Amsterdam,
01
November
2023
|
16:09
Europe/Amsterdam

CBRE expects to see an 8.7% decline in demand for office accommodation in the five major Dutch cities by 2030

It is now three years since Dutch office workers were forced to work from home because of the COVID-19 pandemic. Although office workers in the Netherlands are still working from home 65% more than they were in 2019, employees and employers alike have yet to strike the right balance when it comes to hybrid working. The impact of hybrid working on office space will only be fully visible in a decade, with a projected 8.7% decline in demand for office space. These are the main conclusions reached by international real estate advisor CBRE in its latest research on the subject of hybrid working.

Home and office working yet to reach a balance
Hybrid working is leading to a recalibration of office accommodation needs in an effort to enable efficient and effective work. Figures published by the Dutch Ministry of Infrastructure and Water Management show that the proportion of people working from home has fallen again slightly since October 2020. Until last year, many people were still working from home for an average of four or five days a week, whereas this figure is now 1.3 days. This shows that employees and employers are still attempting to strike the right balance between working from home and at the office. The differences in office attendance levels are making it difficult for employers to predict future accommodation needs.

Impact of hybrid working fully tangible only in the long term
Companies are adapting their accommodation strategies in line with the new way of working, but it is interesting to note that the current vacancy rates in the offices market show virtually no increase, despite the rise in hybrid working over the last three or four years. Indeed, there has actually been a slight decline in the vacancy rate in most regions. This is in marked contrast to the situation in the rest of Europe or the United States, where the vacancy rate has increased significantly. It can largely be explained by the desk-per-employee ratio, which was significantly higher in these countries before the pandemic than it was in the Netherlands. This has been 65% in the Netherlands for years, compared to 82% in the United States. We expect to see the international desk-per-employee ratio settle at around 54% (see Figure 1).

Figure 1 : Expected trend in desk-per-employee ratio (now versus two years ahead)

Expected development workplace per employee ratio

Nevertheless, we expect to see a long-term decline in office space per employee as hybrid working becomes increasingly widely integrated. Demand for offices in the G5 will decline by 8.7% by 2030. This will ultimately result in a peak in the vacancy rate of 10.7% by 2027/2028 compared to the current average rate in the G5 of 5.5%.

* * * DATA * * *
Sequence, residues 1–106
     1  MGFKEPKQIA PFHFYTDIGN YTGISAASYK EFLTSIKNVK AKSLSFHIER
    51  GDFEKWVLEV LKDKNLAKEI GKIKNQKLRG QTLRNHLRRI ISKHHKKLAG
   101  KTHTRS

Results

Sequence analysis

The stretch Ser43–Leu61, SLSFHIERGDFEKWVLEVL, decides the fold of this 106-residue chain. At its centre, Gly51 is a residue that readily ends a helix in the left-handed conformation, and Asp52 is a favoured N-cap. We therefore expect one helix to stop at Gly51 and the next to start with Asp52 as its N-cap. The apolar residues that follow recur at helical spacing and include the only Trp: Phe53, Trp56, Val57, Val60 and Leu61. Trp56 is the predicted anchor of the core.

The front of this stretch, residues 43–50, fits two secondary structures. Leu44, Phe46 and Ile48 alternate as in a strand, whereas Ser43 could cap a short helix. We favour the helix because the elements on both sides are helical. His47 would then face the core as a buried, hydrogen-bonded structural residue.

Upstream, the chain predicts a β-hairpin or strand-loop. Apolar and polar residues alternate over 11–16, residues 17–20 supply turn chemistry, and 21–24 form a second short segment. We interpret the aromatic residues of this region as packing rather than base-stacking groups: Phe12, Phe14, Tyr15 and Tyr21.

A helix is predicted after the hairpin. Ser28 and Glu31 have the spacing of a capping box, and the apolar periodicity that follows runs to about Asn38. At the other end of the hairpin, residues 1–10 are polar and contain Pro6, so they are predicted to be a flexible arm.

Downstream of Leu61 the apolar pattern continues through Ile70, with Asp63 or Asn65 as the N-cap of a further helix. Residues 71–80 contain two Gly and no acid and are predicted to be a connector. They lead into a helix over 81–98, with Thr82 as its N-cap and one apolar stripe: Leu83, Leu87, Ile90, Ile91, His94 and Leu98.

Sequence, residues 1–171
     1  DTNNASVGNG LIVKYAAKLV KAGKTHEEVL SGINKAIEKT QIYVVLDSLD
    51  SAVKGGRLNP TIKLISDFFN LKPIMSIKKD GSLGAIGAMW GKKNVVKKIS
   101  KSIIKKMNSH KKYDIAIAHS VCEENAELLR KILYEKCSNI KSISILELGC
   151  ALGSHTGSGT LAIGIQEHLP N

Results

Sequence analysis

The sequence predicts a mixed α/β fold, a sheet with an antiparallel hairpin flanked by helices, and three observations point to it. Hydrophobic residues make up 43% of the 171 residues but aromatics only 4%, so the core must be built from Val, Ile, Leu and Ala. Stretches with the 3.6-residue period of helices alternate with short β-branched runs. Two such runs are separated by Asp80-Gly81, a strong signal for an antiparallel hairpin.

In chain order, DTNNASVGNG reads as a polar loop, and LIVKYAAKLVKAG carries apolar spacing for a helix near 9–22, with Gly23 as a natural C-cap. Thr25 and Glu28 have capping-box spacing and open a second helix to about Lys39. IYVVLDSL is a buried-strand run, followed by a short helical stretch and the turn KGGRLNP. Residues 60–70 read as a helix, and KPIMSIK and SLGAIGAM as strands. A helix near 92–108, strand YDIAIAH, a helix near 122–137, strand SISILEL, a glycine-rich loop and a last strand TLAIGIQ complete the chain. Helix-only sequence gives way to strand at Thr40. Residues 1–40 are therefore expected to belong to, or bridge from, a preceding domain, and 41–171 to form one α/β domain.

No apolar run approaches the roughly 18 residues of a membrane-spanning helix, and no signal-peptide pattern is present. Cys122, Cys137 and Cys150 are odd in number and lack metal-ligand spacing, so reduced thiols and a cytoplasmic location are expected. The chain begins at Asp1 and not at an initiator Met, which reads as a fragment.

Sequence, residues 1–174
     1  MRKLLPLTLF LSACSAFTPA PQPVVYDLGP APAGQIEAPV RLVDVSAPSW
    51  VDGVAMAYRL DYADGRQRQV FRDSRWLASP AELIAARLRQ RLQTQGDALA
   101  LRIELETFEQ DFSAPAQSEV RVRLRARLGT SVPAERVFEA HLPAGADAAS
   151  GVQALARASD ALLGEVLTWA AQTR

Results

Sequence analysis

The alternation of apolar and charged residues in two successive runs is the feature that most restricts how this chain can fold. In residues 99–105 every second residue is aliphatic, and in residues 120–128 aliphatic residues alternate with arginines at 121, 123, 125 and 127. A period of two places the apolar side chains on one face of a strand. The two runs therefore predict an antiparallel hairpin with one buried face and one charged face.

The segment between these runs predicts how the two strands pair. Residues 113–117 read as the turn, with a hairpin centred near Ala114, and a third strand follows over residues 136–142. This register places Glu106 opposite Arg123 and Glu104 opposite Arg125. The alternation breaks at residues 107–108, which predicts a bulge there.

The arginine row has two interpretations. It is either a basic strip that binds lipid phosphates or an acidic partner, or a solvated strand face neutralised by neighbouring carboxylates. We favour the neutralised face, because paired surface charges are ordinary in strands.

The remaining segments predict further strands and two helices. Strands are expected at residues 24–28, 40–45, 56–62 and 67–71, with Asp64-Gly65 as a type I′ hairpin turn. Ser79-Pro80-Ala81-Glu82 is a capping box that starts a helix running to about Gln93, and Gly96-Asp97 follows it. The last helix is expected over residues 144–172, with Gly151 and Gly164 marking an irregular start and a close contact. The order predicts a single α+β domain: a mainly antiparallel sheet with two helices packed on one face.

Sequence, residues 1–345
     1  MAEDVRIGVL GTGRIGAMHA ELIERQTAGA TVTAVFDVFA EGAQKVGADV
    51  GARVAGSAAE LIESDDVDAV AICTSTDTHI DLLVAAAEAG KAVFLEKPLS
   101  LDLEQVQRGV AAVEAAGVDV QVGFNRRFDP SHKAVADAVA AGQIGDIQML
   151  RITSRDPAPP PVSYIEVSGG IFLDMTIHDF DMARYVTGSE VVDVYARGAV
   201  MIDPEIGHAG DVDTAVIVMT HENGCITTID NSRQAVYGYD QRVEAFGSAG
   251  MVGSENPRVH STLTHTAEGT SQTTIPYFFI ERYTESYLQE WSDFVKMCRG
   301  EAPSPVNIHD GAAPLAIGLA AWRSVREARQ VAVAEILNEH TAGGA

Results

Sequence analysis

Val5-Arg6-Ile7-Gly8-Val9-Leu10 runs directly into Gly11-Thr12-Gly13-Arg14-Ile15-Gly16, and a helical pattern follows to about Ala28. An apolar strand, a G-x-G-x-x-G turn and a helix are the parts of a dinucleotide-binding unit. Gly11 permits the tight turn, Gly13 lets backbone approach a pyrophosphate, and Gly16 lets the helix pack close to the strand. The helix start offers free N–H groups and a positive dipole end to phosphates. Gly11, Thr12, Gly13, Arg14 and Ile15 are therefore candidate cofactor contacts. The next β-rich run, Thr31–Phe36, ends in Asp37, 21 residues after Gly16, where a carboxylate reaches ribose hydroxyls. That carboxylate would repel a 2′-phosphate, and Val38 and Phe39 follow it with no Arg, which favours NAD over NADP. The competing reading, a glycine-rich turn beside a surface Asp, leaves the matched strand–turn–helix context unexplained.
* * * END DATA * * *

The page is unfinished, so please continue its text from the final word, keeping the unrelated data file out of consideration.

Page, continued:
Increasing polarisation in the offices market: flexibility and ESG essential
The preference of tenants for multimodal offices is expected to bring about a polarisation in the offices market. Tenants prefer central, multimodal offices, where flexibility and ESG are prioritised. The shortage of offices of this kind is leading to higher rents than the existing stocks that lack these characteristics. This difference in rents is expected to increase further, primarily because the demand for net zero offices, driven by companies’ ESG ambitions, is rising considerably faster than supply. 

This trend is creating challenges for owners and policymakers alike. Policymakers will need to offer more space for new offices at central locations while also attempting to prevent additional vacancy at secondary locations by means of transformations. This will compel owners to engage in more active asset management and increase their investments in ESG and flexibility. Our research shows that demand for flexible office space is set to increase by around 55% in the next two years as efforts are made to accommodate peak occupancy. Owners will need to capitalise on this by providing tenants with flexible solutions. 

Sebastiaan van Nimwegen, Senior Director Capital Markets at CBRE, responds: “Our research shows that the impact of hybrid working is manageable for the Dutch market. This is especially the case if we compare it to other countries, where vacancy has already increased significantly. Moreover, the fact that a great deal of office accommodation has been given a new life in the residential and hotel markets in the past is a testament to the flexibility of the Dutch offices market. We expect to see a further wave of transformations in the next decade – albeit significantly smaller – that will completely rebalance the offices market, while ensuring that the operational risk for office investors remains low.” 

Read full details of the CBRE research here.

Media Contact: Irene Martini
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About CBRE Group, Inc.
CBRE Group, Inc. (NYSE:CBRE), a Fortune 500 and S&P 500 company headquartered in Dallas, is the world’s largest commercial real estate services and investment firm (based on 2022 revenue). The company has approximately 115,000 employees (excluding Turner & Townsend employees) serving clients in more than 100 countries. CBRE serves a diverse range of clients with an integrated suite of services, including facilities, transaction and project management; property management; investment management; appraisal and valuation; property leasing; strategic consulting; property sales; mortgage services and development services. Please visit our website at www.cbre.com.

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